AfriLeaks will give people a chance to leak sensitive information anonymously.
The site's founders say it is an attempt to boost investigative journalism to expose widespread corruption and human rights abuses.
It will also help circumvent growing surveillance by governments and corporate firms, they say.
Afrileaks, made up of 19 media outlets and activist groups, says it is committed to "speaking truth to power".
"You will be able to send us documents and select which of our member organisations should investigate it," it says.
"We've designed a system that helps you to share these materials while protecting your own identity, so that it becomes impossible to identify you as the source of the leak."
Most of the 19 are newspapers and include South Africa's Mail & Guardian, Kenya's Daily Nation and Nigeria's Premium Times.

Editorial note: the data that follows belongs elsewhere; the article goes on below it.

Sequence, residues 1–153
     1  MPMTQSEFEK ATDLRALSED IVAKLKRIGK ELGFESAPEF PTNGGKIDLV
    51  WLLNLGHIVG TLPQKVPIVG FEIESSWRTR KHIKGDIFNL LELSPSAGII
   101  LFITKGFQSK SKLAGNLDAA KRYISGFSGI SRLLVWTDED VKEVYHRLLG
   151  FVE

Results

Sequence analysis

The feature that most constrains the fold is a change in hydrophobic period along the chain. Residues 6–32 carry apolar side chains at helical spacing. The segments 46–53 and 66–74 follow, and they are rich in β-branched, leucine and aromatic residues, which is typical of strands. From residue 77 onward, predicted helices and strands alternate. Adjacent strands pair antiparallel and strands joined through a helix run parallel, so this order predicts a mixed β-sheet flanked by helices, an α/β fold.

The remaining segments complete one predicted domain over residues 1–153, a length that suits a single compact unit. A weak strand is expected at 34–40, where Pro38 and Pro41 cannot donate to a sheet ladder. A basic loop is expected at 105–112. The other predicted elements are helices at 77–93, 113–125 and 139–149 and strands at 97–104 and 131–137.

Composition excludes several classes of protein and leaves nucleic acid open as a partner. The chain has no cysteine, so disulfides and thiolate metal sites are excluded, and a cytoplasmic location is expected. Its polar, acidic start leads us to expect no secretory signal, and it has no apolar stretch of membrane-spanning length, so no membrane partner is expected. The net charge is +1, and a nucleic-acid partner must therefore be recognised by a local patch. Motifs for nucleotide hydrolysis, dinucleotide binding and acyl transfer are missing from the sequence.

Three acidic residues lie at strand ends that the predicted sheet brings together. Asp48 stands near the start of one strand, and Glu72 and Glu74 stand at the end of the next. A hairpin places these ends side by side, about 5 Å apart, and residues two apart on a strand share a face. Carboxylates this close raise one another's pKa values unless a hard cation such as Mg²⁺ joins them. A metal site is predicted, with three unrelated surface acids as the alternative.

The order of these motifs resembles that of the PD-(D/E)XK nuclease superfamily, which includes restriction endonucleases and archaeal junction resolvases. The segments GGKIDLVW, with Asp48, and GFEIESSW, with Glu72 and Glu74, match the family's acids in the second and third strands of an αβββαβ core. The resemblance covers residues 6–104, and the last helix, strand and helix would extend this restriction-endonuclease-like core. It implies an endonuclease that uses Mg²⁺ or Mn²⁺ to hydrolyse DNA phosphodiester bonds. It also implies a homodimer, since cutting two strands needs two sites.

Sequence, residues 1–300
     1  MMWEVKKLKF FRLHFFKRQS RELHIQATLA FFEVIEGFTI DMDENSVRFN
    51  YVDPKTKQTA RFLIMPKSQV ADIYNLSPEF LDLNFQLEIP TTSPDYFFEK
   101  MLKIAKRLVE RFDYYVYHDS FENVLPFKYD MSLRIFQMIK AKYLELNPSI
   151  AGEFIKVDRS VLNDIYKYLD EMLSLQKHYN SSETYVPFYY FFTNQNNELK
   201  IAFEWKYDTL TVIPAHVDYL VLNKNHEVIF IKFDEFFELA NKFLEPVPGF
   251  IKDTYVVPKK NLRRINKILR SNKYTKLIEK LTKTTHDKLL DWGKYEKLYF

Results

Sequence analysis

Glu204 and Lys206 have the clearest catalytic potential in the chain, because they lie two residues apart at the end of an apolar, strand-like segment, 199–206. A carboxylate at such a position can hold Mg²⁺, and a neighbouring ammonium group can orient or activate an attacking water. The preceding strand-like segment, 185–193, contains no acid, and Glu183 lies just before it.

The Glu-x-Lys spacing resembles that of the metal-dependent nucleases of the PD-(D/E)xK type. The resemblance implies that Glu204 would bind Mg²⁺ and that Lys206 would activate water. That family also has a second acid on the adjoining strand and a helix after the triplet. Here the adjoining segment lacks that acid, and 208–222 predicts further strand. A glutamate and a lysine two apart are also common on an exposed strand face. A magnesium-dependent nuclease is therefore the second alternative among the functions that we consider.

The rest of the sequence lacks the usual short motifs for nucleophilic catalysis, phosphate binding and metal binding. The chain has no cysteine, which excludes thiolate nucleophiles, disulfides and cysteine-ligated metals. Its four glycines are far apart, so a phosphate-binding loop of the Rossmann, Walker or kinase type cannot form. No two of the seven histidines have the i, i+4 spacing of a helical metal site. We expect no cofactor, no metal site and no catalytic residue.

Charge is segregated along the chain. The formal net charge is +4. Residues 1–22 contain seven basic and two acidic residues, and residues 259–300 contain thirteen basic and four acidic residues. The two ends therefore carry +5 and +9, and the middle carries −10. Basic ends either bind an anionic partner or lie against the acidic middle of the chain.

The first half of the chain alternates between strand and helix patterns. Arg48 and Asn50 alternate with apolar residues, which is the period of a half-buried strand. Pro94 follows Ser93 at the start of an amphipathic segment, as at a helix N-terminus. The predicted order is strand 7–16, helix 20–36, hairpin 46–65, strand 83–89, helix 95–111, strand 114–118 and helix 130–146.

The Mail & Guardian says AfriLeaks is modelled along the lines of Europe's GlobaLeaks with the aim of making whistle-blowing safer.
"In the post-Snowden world in which we live, with government and corporate surveillance a reality, it has become critically important for journalists and whistle-blowers to take every precaution to ensure their digital safety," the paper reports.
The US wants to put ex-security contractor Edward Snowden on trial for leaking to the media in 2013 details of mass surveillance programmes. He is exiled in Russia.
Correspondents say newspapers in multi-party democracies in Africa have often exposed corruption and human rights abuses.
The challenge AfriLeaks faces is to get whistle-blowers in repressive states like Eritrea and Sudan, where control over the internet is tight, they say.